In the aggregate, first-year results showed math and reading test results improved, attendance increased, absenteeism decreased, and the number of suspended students went down. Overall during the three-year period, the original cohort of schools improved, but on a school-by-school basis, the progress was variable. By 2014, half of the schools improved, moving their designations up to Level 3, or in the case of one school, Level 2. One school was closed and the other three remained at Level 4, with two worsening to Level 5.

Within two years of the turnaround, BPS appointed new school leaders at all the turnaround schools. BPS chose the principals based on criteria indicating highly effective leadership skills, including a focus on outcomes, use of data to manage performance, experience creating a strong school culture, and the ability to leverage resources to achieve goals.

In addition to new principals, BPS also replaced over 50 percent of teachers at some schools. At seven of the schools, BPS required staff to reapply for their positions. The process of reapplying encouraged only teachers who wanted to be part of the turnaround effort to remain at the schools. District partnerships with the Boston Teacher Residency program and Teach for America helped fill remaining vacancies.

The school days at each of the turnaround schools were extended as part of the turnaround effort, providing one extra hour per day split between classroom instruction and teacher development and planning. Teachers were compensated with a stipend for their extra time.

BPS added additional instructional leaders, data managers, and social and emotional supports to the turnaround schools. Though partnerships, BPS placed full-time data managers at three of the schools and additional district partners provided social and emotional supports at schools.

The turnaround plan also included supports for increased family and community engagement. Each turnaround school had a Family Community Outreach Coordinator and the district worked with school staff and partners to identify and coordinate additional community partners. At the district level, the Office of Family and Student Engagement helped schools develop a communications and engagement plan.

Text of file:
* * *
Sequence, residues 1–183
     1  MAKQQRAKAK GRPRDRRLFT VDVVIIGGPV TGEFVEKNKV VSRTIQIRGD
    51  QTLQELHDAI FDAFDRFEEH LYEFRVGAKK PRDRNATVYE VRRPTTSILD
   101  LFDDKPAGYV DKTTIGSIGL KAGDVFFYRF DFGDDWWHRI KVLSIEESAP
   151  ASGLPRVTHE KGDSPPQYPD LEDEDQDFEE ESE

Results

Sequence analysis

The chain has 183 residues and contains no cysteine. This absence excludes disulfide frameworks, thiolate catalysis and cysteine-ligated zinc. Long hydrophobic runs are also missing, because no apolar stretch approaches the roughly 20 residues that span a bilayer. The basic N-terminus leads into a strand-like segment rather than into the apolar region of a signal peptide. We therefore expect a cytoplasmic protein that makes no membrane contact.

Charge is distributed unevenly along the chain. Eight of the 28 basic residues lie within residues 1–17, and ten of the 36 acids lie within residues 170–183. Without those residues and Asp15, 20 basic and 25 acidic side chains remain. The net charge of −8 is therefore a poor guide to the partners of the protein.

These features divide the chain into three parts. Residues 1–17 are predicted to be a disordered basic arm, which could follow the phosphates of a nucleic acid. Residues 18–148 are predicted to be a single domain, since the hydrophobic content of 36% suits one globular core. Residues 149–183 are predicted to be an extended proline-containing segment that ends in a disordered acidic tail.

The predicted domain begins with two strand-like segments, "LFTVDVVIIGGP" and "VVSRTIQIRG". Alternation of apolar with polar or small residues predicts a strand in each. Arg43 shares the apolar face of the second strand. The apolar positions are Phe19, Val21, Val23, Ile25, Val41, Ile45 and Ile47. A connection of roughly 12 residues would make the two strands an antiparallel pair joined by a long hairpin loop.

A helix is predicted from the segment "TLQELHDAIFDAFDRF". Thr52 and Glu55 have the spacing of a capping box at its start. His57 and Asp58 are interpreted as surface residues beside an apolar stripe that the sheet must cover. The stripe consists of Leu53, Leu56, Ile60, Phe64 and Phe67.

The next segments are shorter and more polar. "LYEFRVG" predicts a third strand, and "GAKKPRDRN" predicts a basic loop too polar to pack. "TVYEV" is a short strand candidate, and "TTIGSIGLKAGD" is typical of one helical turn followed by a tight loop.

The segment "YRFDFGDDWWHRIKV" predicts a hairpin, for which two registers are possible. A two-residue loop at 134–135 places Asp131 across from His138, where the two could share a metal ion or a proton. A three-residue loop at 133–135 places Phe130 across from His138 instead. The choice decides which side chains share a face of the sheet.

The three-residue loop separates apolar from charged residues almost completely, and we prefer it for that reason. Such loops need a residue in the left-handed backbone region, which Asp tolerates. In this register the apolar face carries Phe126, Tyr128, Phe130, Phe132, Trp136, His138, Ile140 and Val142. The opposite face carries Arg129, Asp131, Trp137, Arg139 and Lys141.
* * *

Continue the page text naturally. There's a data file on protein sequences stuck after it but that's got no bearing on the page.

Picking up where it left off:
BPS monitored the progress and performance at each turnaround school. Overseen by Chief Accountability officer, Frank Barnes, the measurements tracked student truancy and dropout rates, student achievement, and college readiness and school culture. By assessing the schools’ progress, the district could determine and provide necessary central supports.

Learn more about successful turnarounds in Innovate Public Schools’ report, “Struggling Schools, Promising Solutions.”

Resources and references

RSVP today for “It Can be Done: Convening on School Turnaround”

What would it take for the lowest-performing schools in the Valley to become great?

Come find out what’s being done across the country at this special event to jumpstart local efforts on this critical issue.

Microsoft – Silicon Valley Moffett Towers
1020 Enterprise Way, Building B
Sunnyvale, CA 94089

Parking directions

Thursday, May 1, 2014
10 a.m. – noon
RSVP here to secure your spot.

Russlynn AliKeynote from Russlynn Ali

Chair, Emerson Education Fund for the Emerson Collective

Former head of the U.S. Education Department’s Office for Civil Rights and Assistant Secretary for Civil Rights




Scott Given“Lessons Learned: Transformation to Excellence”

Scott Given, CEO, UP Education Network

UP Education Network has restarted four of the lowest-performing schools in Massachusetts, all of which which are now posting among the strongest academic growth of any schools in the state.



Panel: Local Perspectives

Moderated by John Fensterwald, Writer for Edsource Today


  • Jason Willis, Assistant Superintendent of Community Engagement and Accountability, San Jose Unified School District
  • Kenji Treanor, Senior Program Officer, Sobrato Family Foundation
  • Greg Lippman, Executive Director, ACE Charter Schools, and others to be confirmed


Space is limited. RSVP by April 25 to secure your spot.